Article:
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Demolishing dams will help build an ecological civilization

China Daily | Updated: 2019-03-26 07:06

A giant salamander, file photo. [Photo/VCG]

TO PROTECT THE HABITATS OF GIANT SALAMANDERS, a rare species in China, Zhangjiajie city, Hunan province, has closed down 34 hydropower stations located in a national natural reserve that was founded for the protection of giant salamanders, and 10 dams belonging to these hydropower stations have been demolished on the Lishui River, a major tributary of the Yangtze River in the province by December 2018. Beijing News comments:

The largest amphibian known today, the giant salamanders are called as "living fossils" as they date back to the era of the dinosaurs. Zhangjiajie is a major home to them.

The dams and power plants interrupted the flow of the river, and also blocked the breeding migration of aquatic creatures and the increase of human activities degraded the water quality. Despite the establishment of the natural reserve, the habitats of the giant salamander have shrunk to isolated spots on the map.

After the dams were removed and hydropower stations shut down, the flow of the river has recovered, and the water quality has greatly improved. The living environment of the giant salamanders and other aquatic live has markedly improved.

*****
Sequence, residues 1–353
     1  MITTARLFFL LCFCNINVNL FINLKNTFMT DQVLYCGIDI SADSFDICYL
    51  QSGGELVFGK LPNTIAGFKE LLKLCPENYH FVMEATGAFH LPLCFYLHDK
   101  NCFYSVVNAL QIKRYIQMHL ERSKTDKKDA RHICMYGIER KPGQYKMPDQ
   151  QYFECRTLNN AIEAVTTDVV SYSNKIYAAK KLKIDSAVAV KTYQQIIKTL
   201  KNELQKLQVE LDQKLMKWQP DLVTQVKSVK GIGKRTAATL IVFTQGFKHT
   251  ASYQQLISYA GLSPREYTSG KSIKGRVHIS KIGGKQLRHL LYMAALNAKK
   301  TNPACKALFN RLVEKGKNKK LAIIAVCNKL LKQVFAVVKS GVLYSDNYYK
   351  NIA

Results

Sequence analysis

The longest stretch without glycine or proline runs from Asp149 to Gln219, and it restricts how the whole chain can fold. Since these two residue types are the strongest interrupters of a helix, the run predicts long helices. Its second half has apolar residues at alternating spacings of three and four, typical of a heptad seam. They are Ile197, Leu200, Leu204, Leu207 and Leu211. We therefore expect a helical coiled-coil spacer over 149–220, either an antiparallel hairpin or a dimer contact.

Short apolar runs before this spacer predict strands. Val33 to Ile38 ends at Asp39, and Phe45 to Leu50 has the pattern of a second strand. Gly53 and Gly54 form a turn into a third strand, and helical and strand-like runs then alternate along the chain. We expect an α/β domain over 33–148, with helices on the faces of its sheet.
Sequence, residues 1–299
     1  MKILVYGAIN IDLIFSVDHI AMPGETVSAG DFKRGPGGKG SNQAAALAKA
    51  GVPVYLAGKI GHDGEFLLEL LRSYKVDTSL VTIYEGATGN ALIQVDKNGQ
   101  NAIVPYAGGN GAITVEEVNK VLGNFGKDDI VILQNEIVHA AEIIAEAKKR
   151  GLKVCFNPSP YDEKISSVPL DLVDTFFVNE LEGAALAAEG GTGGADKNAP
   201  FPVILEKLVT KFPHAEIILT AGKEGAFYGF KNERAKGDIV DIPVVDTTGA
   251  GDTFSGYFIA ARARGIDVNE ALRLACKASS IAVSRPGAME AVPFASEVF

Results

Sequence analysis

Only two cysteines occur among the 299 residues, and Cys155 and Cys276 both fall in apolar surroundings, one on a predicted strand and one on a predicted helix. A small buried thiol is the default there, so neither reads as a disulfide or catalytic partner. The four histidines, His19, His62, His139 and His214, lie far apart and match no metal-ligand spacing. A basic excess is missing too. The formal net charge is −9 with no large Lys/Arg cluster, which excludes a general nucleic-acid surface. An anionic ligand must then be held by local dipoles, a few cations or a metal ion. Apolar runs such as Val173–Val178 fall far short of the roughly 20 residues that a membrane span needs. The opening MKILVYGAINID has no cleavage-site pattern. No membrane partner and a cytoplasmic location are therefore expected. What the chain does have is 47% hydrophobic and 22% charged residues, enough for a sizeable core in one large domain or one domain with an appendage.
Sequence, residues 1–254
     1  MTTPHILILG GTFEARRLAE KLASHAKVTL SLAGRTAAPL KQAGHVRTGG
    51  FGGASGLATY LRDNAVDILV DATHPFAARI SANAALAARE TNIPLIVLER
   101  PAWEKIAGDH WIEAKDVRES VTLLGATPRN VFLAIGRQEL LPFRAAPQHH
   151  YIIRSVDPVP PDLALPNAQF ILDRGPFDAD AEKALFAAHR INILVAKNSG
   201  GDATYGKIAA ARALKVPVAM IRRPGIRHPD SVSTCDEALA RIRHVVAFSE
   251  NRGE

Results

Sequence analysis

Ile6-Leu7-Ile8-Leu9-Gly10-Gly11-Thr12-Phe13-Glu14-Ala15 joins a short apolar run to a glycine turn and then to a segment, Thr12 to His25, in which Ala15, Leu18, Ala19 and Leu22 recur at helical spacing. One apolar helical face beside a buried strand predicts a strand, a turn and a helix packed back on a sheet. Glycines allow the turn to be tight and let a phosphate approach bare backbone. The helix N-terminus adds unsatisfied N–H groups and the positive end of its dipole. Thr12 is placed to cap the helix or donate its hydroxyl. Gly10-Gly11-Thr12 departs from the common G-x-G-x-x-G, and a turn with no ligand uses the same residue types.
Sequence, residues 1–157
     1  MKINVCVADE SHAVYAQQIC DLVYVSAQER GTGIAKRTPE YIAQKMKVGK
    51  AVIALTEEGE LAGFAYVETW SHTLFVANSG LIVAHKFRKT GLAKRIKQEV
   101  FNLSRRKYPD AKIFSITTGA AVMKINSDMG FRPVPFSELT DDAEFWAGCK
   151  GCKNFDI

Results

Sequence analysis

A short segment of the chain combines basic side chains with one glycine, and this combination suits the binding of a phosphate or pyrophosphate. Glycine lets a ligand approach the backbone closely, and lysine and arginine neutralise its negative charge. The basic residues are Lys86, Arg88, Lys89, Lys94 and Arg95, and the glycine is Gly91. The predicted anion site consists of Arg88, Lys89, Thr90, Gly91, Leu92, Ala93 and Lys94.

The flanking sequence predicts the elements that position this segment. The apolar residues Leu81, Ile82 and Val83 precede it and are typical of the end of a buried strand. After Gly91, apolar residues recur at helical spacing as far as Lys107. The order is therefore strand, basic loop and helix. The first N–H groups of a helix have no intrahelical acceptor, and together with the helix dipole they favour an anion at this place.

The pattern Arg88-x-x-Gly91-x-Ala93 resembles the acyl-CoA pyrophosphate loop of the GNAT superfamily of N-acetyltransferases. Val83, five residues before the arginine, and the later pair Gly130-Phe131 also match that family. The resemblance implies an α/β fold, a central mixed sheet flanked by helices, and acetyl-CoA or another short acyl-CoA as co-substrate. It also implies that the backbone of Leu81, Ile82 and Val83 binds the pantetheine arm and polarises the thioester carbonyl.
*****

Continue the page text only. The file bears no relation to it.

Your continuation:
No doubt the city has set a good example for other places in making the right choice between ecological protection and hydroelectricity, which was being generated at a heavy environmental and ecological cost that was long ignored.

The construction of large-scale hydropower plants has been carried out for decades in Central and Southwest China, which are in the middle and upper-reaches of many rivers. With dams built on the upper reach of a river, the whole river valley downstream is affected, causing radical changes in the river ecology.

Many categories of fish cannot swim upstream to spawn because of the obstruction of the dams and hydropower stations. Statistics show multiple artificial reasons have almost depleted the fish population in the Yangtze River, the country's longest river, and many kinds of fish have died out quickly over half a century.

In the 1980s, some developed countries started reflecting on the negative ecological and environmental effects of hydropower, and the construction of dams in these countries slowed down. And some countries have no longer built dams since then, while the building of dams sped up in China.

Hopefully, the move of Zhangjiajie can prompt decision-makers to face squarely the series of ecological and environmental problems caused by fast development of the hydropower industry in the country's ecologically delicate regions. As China has vowed to divert its focus from economic growth to sustainable development and ecological protection, it is time to address the overdue challenge.

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